Centring with the turning tool is applied whenever centre drills cannot be used. Centre drills cannot be used
- for workpieces with bigger internal diameter,
- when existing centre holes are untrue or have been damaged and, consequently, must be re-centred.
The workpiece is machined on the end face and internal surface.
- The workpiece is mostly pre-machined. Therefore, the existing dimensional accuracy must be maintained.
- It is absolutely necessary to check for true running prior to centring. In case of any run-out, true running is to be ensured by suitable measures (turning out of jaws, use of steady rest as counter-support).
- The depth of straight holes is to be considered in re-centring. If necessary, the hole has to be re-drilled with a twist drill.
- Normally the top slide adjustment (Fig. 24) is utilized for centring.
Another possibility is provided by the process of positive form turning (Fig. 25) with the turning tool to be aligned prior to machining by means of a grinding gauge.
Figure 24 Centring by top slide adjustment
3 tool slide,
4 top slide,
5 direction of feed
Figure 25 Centring by form turning
2 grinding gauge,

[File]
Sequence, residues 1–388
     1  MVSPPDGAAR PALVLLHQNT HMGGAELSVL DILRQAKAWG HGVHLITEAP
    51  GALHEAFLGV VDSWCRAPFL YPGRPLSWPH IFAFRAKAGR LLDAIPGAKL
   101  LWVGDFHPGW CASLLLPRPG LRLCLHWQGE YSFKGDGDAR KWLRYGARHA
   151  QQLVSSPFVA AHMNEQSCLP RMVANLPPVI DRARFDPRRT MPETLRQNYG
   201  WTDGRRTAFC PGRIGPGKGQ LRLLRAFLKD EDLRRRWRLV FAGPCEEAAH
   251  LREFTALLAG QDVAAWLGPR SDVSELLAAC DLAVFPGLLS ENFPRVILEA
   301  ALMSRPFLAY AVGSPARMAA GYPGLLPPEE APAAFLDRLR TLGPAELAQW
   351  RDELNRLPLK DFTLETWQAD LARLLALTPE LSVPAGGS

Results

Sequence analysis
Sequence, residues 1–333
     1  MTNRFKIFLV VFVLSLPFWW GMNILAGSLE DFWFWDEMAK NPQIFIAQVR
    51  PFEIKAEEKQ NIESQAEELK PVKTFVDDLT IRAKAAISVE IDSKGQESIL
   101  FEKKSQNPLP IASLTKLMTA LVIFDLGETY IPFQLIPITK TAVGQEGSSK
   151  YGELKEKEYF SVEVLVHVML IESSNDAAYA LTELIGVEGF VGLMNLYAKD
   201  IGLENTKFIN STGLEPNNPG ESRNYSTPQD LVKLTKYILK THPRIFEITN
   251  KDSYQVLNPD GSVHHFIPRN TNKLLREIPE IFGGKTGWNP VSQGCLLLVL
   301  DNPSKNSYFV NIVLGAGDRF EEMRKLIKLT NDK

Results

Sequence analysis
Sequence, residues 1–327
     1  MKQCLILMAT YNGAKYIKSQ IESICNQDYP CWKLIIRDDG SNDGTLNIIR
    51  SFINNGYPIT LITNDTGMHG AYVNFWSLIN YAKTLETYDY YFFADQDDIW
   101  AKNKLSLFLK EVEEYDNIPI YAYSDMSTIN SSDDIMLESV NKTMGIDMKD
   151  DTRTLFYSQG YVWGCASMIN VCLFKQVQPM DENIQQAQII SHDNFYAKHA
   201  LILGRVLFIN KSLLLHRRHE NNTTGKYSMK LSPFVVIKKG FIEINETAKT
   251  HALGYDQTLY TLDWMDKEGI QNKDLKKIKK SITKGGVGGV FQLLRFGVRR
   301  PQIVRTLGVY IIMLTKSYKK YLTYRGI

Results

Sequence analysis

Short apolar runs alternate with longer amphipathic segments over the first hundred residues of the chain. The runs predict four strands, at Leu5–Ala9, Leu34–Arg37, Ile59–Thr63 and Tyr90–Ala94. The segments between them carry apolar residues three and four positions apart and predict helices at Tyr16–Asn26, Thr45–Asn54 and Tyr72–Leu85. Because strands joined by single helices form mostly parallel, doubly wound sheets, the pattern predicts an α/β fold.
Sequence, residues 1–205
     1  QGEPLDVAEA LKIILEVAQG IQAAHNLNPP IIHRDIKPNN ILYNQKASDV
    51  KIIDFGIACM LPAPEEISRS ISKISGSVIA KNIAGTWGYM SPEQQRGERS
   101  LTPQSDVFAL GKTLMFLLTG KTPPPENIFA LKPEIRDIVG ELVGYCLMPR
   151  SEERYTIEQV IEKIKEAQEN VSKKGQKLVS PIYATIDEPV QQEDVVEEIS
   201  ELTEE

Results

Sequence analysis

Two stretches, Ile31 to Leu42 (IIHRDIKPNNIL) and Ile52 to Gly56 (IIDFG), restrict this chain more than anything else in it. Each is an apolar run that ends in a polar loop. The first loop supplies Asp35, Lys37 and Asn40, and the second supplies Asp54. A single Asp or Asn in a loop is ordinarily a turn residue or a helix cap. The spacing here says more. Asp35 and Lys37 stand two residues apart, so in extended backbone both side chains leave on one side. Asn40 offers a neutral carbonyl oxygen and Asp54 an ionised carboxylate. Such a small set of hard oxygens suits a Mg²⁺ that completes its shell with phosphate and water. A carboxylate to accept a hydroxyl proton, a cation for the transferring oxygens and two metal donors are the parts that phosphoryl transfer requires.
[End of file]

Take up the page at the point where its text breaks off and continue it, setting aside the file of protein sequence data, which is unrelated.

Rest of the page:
3 turning tool,
4 direction of feed
- With the top slide adjustment, the top slide is to be swivelled by the necessary degree (mostly 30°) and the tool slide to be locked during machining.
- The clearance angle of the turning tool is to be ground so as to permit proper cutting. It is to be ensured that the side-cutting edge is clear to work.
- The feed should be operated as even and as smooth as possible so as to achieve the necessary surface finish.
- For freely rotating ends of the workpiece a steady rest can be used (see Fig. 26).
Figure 26 Use of the steady rest
- Re-centring must never be done with a multi-edged tool (centre drill, counterbore/countersink) since such tools would follow the old offset centre hole.
What is to be done if an existing centre hole is
How are workpieces re-centred?
What centring possibilities do you know?